Yeah. You'll increase your conversion rate on. You have to combine really caring about your visitor with these techniques. So trust symbols are important, and I'll tell you for every person who is watching this, the biggest trust symbol on the face of the planet, which we have tested on. I can't tell you how many hundreds and hundreds of sites is a phone number, a phone number in the top right hand corner on a desk.
The biggest trust symbol (on an ecommerce website) is a phone number. Or the Click to Call icon on a mobile phone header.
Okay. Or the click to call icon on a mobile phone in the header, right? We'll increase your conversion rate by an order of magnitude. All right. And yes, it does increase phone calls, but if you cannot, you know, answer the phone, make sure that it goes to a voicemail system where you provide lots of love.
Okay. You, so Emma, who's the director of marketing at blue bungalow actually makes an internal joke. She actually tells people, are you giving Marty love on this page? If you're not giving Marty love, then you have to redo it. Right? And so it's all about Marty love, right? And so, which is not my nickname but it's all about, you know, providing that feeling on each and every page. And so if you put a phone number up and they're calling, you want to make sure that they feel love on that call versus the answer and, and just like, what do you want? We don't do that. Yeah. So I got carried about I'm sorry.
Kausambi: No, I love it. I love it. And that's, that's actually pretty hard because a lot of times, uh, you know, when we it's this only brick and mortar at that point in time, you knew you had people around and you knew that you could either coach them to show the love or, you know, it was about. People great salespeople who knew how to show the love.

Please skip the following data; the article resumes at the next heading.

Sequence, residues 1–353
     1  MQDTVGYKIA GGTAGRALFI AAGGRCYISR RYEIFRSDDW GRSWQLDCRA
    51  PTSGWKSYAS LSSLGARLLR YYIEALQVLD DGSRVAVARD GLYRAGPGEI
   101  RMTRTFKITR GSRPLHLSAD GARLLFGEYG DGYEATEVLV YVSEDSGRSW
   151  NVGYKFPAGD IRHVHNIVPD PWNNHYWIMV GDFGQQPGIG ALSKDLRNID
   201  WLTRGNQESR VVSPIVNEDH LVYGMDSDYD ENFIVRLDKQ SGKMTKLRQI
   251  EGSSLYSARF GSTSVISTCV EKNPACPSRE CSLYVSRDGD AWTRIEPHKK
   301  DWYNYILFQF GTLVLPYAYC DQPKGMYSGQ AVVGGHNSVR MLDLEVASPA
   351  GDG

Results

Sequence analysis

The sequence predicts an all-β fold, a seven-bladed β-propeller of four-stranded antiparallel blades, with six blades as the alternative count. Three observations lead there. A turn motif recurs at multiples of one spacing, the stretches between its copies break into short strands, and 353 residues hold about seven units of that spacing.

Right. But, but online, it, it ends up becoming just a Craigslist sort of a site and not really that same store experience. So I think like what, what could people do just today? They have to get started. Like, I don't have a store. I literally have a Craigslist and I need to do like three things or five things to add Marty love to my, to my store.
So how do I go about doing.
Understand your customers thoroughly
Marty: The first thing, if you want to understand who's coming to your, to your site. All right. So for example, it's all about the demographics. So if your clientele comes to the site and they are, you know, 18 to 25, you're going to speak to them differently than you would somebody who is in their sixties plus, right.
And so you need to understand who's coming cause you write differently for people. All right. You also, and this is even a Google app. If your audience is, is skewed, female or male. All right. You got to ask yourself if you know, based on who's coming, is it written for women or is it written for men?
Because we do think differently and I'm not being sexist. All right. Well, we are different. Okay. And different doesn't mean worse or better or anything. It's just different. So, so you want to appeal to that person who's coming to your site. You want to write for your visitor. Okay. And so you use different words.